SEATTLE — The epiphany that mushrooms could help save the world’s ailing bee colonies struck Paul Stamets while he was in bed.

“I love waking dreams,” he said. “It’s a time when you’re just coming back into consciousness.”

Years ago, in 1984, Stamets had noticed a “continuous convoy of bees” traveling from a patch of mushrooms he was growing and his beehives. The bees actually moved wood chips to access his mushrooms’ mycelium, the branching fibers of fungus that look like cobwebs.

“I could see them sipping on the droplets oozing from the mycelium,” he said. They were after its sugar, he thought.

Decades later, he and a friend began a conversation about bee colony collapse that left Stamets, the owner of a mushroom mercantile, puzzling over a problem. Bees across the world have been disappearing at an alarming rate. Parasites such as mites, fast-spreading viruses, agricultural chemicals and lack of forage area have stressed and threatened wild and commercial bees alike.

Waking up one morning, “I connected the dots,” he said. “Mycelium have sugars and antiviral properties,” he said. What if it wasn’t just sugar that was useful to those mushroom-suckling bees so long ago?

In research published Thursday in the journal Scientific Reports, Stamets described how bees given a small amount of his mushroom mycelia extract exhibited remarkable reductions in the presence of viruses associated with parasitic mites that have been attacking, and infecting, bee colonies for decades.

In the late 1980s, tiny Varroa mites began to spread through bee colonies in the United States. The mites – which are parasites and can infect bees with viruses – proliferate easily and cause colony collapse in just years.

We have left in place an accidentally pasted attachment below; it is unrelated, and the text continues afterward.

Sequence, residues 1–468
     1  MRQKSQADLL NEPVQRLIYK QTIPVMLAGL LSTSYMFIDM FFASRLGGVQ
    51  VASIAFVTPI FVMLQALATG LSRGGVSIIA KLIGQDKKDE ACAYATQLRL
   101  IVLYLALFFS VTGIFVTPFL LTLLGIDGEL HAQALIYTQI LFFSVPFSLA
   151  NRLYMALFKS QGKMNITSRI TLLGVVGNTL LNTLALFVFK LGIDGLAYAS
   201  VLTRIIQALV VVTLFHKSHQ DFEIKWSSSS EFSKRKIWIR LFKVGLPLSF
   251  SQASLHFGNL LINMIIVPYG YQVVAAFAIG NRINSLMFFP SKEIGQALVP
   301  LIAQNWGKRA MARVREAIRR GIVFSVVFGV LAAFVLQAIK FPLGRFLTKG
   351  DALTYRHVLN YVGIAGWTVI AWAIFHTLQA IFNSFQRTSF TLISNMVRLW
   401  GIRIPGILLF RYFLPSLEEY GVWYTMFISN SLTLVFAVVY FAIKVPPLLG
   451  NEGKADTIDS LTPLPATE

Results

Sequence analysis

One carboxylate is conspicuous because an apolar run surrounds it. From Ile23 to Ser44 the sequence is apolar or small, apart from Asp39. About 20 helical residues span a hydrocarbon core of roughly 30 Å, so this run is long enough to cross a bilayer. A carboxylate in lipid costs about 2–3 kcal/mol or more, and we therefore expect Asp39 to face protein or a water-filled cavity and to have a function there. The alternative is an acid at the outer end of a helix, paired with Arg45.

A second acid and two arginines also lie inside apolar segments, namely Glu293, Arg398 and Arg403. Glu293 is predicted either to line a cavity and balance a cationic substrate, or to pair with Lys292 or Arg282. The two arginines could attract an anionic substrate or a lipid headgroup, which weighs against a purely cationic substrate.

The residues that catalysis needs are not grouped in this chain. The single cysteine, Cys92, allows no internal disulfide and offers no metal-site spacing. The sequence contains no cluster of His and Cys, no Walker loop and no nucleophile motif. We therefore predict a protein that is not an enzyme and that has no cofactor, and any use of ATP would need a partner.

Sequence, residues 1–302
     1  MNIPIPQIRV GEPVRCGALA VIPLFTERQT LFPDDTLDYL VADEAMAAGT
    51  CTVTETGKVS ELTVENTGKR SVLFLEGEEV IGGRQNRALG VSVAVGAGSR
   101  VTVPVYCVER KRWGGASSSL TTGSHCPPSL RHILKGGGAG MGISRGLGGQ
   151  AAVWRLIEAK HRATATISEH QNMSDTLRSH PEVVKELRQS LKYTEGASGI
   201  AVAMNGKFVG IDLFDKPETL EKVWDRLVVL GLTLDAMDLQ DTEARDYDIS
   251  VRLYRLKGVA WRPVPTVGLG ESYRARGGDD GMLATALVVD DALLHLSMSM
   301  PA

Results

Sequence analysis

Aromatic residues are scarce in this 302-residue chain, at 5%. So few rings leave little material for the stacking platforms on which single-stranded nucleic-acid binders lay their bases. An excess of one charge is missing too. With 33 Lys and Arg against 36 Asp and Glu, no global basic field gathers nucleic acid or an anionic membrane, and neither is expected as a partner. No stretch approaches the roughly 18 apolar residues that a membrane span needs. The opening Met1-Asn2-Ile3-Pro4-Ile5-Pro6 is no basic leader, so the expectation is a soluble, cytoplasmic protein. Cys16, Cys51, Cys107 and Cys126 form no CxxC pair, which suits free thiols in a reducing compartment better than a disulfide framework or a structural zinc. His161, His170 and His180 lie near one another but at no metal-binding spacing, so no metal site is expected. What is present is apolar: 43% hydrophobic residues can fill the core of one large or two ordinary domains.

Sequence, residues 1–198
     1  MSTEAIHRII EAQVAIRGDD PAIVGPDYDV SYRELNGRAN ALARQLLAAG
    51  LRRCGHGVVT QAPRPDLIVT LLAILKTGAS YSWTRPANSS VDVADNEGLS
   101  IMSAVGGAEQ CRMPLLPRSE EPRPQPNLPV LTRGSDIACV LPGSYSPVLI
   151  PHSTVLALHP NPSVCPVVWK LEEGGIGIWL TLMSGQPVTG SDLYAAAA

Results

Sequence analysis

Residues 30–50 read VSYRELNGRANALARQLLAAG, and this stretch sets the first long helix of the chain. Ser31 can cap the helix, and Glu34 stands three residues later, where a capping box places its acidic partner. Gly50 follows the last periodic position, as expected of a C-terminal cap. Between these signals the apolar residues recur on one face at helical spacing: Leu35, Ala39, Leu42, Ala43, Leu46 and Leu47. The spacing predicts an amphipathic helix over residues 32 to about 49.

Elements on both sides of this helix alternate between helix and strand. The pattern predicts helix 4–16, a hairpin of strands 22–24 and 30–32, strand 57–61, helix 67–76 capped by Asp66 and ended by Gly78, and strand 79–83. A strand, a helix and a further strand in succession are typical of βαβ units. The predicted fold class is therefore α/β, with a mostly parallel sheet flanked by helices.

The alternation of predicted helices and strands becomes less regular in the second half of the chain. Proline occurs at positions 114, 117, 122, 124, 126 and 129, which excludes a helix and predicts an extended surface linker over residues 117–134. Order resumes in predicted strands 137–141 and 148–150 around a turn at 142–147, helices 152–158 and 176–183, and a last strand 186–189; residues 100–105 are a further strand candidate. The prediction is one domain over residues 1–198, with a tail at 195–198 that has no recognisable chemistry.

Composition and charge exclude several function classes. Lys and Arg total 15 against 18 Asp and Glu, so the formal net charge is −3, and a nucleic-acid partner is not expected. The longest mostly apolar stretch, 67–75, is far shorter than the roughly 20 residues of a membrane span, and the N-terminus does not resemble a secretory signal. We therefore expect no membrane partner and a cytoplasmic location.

Over time, colonies have become even more susceptible, and viruses became among the chief threats to the important pollinators for crops on which people rely.

“We think that’s because the viruses have evolved and become pathogenic and virulent,” said Dennis vanEngelsdorp, a University of Maryland professor in entomology, who was not involved in the mycelium research. “Varroa viruses kill most of the colonies in the country.”

He likened the mites to dirty hypodermic needles; the mites are able to spread viruses from bee to bee.

The only practical solution to date has been to keep the number of Varroa mites within beehives “at manageable populations.”

Stamets’ idea about bee-helping mycelium could give beekeepers a powerful new weapon.

At first, mushrooms were a hard sell.

When Stamets, whose fascination with fungi began with “magic mushrooms” when he was a “long-haired hippie” undergraduate at The Evergreen State College, began reaching out to scientists, some laughed him off.

“I don’t have time for this. You sound kind of crazy. I’m gonna go,” he recalled a California researcher telling him. “It was never good to start a conversation with scientists you don’t know saying, ‘I had a dream.'”

When Steve Sheppard, a Washington State University entomology professor, received a call in 2014 from Stamets, however, he listened.

Sheppard has heard a lot of wild ideas to save bees over the years, like harnessing static electricity to stick bees with little balls of Styrofoam coated in mite-killing chemicals.

Stamets’ pitch was different: He had data to back up his claims about mycelium’s antiviral properties and his company, Fungi Perfecti, could produce it in bulk. “I had a compelling reason to look further,” Sheppard said.

Together with other researchers, the unlikely pair have produced research that opens promising and previously unknown doors in the fight to keep bee colonies from collapsing.

“This is a pretty novel approach,” vanEngelsdorp said. “There’s no scientist who believes there’s a silver bullet for bee health. There’s too many things going on. … This is a great first step.”

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